1999 Rosé

Rosé: The Beginning

After years of searching, Robert Haas (Vineyard Brands) and the Perrins (Château de Beaucastel) found the perfect site for their new estate in the steep and stony hills west of Paso Robles. Tablas Creek Vineyard was conceived with vine selections similar to Beaucastel. Natural farming techniques in the vineyard allow our grapes to be the purest expression of the warm climate and the calcareous clay soils in which they grow. Fermenting with native yeasts and selective blending of the varietals, as practiced by Beaucastel for 150 years, allow the wine to best express its rich and elegant esthetic qualities. We have left no stone unturned in our effort to make Tablas Rosé a forceful statement of its outstanding terroir.

Production Notes

Tablas Rosé is estate bottled from vines grown on the Tablas Creek Vineyard Estate cultivated without the use of herbicides or systemic pesticides. Only hand hoeing, cover crops, mulch, scorching and mowing are used for weed control. Natural predatory insects, “Bordeaux Mixture” and sulfur control pests and fungi.

Tasting Notes

To make this 1999 rosé wine, Tablas Creek Vineyard maintained skin contact of destemmed French vine Mourvèdre, Grenache Noir and Counoise grapes for 72 hours in a stainless steel fermenter. The fermenting juice was then drawn off to continue its fermentation in 225 liter French oak barrels. The blend of grapes is predominantly Mourvèdre and therefore more like the solid, dry rosés of Bandol than Grenache based Tavel. It boasts a moderately dark rosé color and a well developed bouquet of ripe strawberries. It is rich, ripe and full of fruit on the palate and has a nice long finish—a serious wine for all seasons.

Rose

Not Available for Purchase

$27.00

Blend

  • 51% Mourvèdre
  • 35% Grenache Noir
  • 14% Counoise

Technical Notes

  • 14% alcohol by volume
  • 76 cases produced

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Events

Cruise the Rhone with Tablas Creek

July 2nd - 9th, 2017
We’re excited to be returning to the Mediterranean in the summer of 2017 to host a Rhone River cruise aboard the wonderful Uniworld ship S.S. Catherine. Partner Jason Haas, with his wife Meghan, and Executive Winemaker Neil Collins, with his wife Marci, will host this 8-day cruise from Avignon to Lyon. For all the details, and to book, visit our travel partners' Web site at foodandwinetrails.com/tablascreek2017 or call Food & Wine Trails at (800) 367-5348. We hope that you will join us!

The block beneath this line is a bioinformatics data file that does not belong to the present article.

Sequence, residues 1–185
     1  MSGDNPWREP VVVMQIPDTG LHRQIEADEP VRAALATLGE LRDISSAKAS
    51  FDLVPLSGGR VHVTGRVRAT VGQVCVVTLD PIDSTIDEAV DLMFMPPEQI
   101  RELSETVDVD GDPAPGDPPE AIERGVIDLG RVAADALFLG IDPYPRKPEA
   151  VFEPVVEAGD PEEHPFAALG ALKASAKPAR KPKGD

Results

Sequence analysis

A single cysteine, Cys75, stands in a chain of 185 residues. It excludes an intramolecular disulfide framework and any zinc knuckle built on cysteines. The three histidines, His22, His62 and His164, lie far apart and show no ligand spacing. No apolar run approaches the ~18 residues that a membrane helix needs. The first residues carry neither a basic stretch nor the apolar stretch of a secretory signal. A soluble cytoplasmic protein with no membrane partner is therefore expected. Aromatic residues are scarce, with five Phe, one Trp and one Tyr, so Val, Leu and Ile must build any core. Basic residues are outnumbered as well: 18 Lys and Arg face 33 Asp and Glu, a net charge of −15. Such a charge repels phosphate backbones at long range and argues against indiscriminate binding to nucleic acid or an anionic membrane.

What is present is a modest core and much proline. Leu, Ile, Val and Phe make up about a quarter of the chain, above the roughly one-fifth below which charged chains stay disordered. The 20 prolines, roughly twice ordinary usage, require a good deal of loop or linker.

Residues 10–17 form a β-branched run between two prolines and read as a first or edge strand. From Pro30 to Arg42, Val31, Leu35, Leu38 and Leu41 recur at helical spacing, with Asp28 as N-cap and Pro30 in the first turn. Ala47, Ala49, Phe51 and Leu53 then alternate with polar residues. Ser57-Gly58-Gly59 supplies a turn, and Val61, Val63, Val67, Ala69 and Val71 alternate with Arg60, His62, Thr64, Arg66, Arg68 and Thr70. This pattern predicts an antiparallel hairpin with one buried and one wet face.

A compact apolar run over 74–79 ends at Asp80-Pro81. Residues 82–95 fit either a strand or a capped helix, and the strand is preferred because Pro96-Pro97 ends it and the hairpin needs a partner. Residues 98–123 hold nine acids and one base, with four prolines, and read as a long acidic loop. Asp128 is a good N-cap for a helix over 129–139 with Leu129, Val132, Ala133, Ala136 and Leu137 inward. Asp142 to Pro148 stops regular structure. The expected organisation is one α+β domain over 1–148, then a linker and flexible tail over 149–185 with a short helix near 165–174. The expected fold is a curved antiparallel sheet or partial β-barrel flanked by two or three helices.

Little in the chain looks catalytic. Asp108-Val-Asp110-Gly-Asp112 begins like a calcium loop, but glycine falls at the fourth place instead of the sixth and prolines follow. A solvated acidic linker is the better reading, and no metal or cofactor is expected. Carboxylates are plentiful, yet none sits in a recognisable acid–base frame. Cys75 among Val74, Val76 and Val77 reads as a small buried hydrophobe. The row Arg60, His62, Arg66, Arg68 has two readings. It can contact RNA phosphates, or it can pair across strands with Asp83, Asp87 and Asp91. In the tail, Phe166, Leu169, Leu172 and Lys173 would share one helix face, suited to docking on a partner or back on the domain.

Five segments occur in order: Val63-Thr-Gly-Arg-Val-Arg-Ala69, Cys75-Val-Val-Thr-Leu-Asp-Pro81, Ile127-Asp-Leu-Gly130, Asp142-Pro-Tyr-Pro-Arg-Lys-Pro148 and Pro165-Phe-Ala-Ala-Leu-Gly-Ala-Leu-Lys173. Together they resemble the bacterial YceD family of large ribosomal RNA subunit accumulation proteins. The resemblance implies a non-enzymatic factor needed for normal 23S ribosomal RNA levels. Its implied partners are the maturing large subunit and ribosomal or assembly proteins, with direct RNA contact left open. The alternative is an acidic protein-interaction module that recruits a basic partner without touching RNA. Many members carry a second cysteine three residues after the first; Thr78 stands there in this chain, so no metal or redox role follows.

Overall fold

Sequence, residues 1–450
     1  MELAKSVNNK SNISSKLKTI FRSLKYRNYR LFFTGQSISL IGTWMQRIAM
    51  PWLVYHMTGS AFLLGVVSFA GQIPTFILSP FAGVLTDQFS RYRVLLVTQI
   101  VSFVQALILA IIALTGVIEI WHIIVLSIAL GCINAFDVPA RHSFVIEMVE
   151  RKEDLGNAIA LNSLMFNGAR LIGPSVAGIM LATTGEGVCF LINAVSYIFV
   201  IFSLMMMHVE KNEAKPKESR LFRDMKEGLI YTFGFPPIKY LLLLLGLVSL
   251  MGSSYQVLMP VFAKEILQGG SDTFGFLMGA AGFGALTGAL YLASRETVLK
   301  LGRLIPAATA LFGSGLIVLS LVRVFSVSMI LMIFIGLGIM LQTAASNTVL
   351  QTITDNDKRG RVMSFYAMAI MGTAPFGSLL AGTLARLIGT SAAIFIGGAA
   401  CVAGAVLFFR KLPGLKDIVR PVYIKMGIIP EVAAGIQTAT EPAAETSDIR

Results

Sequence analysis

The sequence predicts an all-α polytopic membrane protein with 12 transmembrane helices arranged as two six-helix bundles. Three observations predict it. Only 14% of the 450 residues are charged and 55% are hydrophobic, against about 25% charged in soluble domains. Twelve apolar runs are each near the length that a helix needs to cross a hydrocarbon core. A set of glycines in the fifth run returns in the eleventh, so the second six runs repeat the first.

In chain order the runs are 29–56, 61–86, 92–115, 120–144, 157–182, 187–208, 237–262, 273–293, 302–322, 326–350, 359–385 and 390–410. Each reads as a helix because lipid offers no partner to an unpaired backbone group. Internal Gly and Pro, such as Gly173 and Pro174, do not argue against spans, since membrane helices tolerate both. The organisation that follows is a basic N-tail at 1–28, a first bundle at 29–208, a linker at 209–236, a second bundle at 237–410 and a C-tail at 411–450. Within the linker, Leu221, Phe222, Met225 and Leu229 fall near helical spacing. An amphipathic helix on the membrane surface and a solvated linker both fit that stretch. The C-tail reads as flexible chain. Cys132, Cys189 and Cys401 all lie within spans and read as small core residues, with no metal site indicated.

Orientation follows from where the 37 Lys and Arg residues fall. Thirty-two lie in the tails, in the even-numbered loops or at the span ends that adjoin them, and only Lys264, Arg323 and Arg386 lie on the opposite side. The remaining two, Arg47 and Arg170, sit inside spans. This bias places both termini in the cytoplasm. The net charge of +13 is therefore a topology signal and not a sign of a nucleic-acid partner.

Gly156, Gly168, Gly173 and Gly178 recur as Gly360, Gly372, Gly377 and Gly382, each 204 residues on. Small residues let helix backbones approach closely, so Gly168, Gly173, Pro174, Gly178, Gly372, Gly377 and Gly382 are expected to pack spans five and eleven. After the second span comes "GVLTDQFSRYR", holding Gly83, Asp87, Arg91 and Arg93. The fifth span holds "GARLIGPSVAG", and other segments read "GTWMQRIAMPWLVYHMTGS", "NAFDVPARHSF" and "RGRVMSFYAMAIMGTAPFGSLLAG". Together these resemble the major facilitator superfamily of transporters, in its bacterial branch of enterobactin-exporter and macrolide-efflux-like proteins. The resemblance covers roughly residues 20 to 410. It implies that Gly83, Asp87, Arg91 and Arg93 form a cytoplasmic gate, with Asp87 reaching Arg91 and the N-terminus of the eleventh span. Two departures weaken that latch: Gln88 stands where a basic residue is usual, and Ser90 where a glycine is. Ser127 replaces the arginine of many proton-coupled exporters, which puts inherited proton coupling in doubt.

Tablas Creek News

We can now ship to AZ!

We are excited that we have received our shipping permit for the great state of Arizona. Arizonans can now order wine or join our wine clubMore shipping news »

Vinous: 28 Wines 90+ Points

In Antonio Galloni's Vinous (Sept. 2016) 28 Tablas wines topped 90 points, including 2014 Esprit Blanc (93), 2013 Panoplie (95), 2014 Patelin de Tablas (91) and 2014 En Gobelet (93). Read the review » More press »

Tablas Creek wins 2016 California Green Medal for Sustainability

The CA Sustainable Winegrowing Alliance awarded Tablas Creek one of four 2016 Green Medals for leadership in sustainability. Our practices »

February Feature: 2014 Full Circle Pinot Noir

Each month we feature one item that we think is showing particularly well at a 10% discount. February's feature is our 2014 Full Circle Pinot Noir. Details »


On the Tablas Blog

Tablas Creek Lambs and Tablas Creek Lamb

February 20, 2017
As many of you know, we have been building up our flock this year. The animals help build up our soil, spreading manure thoroughly and evenly, reducing or eliminating our need to bring in outside fertilizer. They help keep weeds down and reduce the number of tractor passes we need come spring. And they attract different microbes and insects into soil that is vibrantly alive in a way that just doesn't happen in a monoculture. The past few years, we've had around 80 sheep, along with a few alpacas, two donkeys, and a llama. Now, thanks to a fertile winter season, we're up to 165 sheep, plus the other members of the menagerie. The flock can at times be seen from the tasting room, but is more often working quietly, out of view: Read More »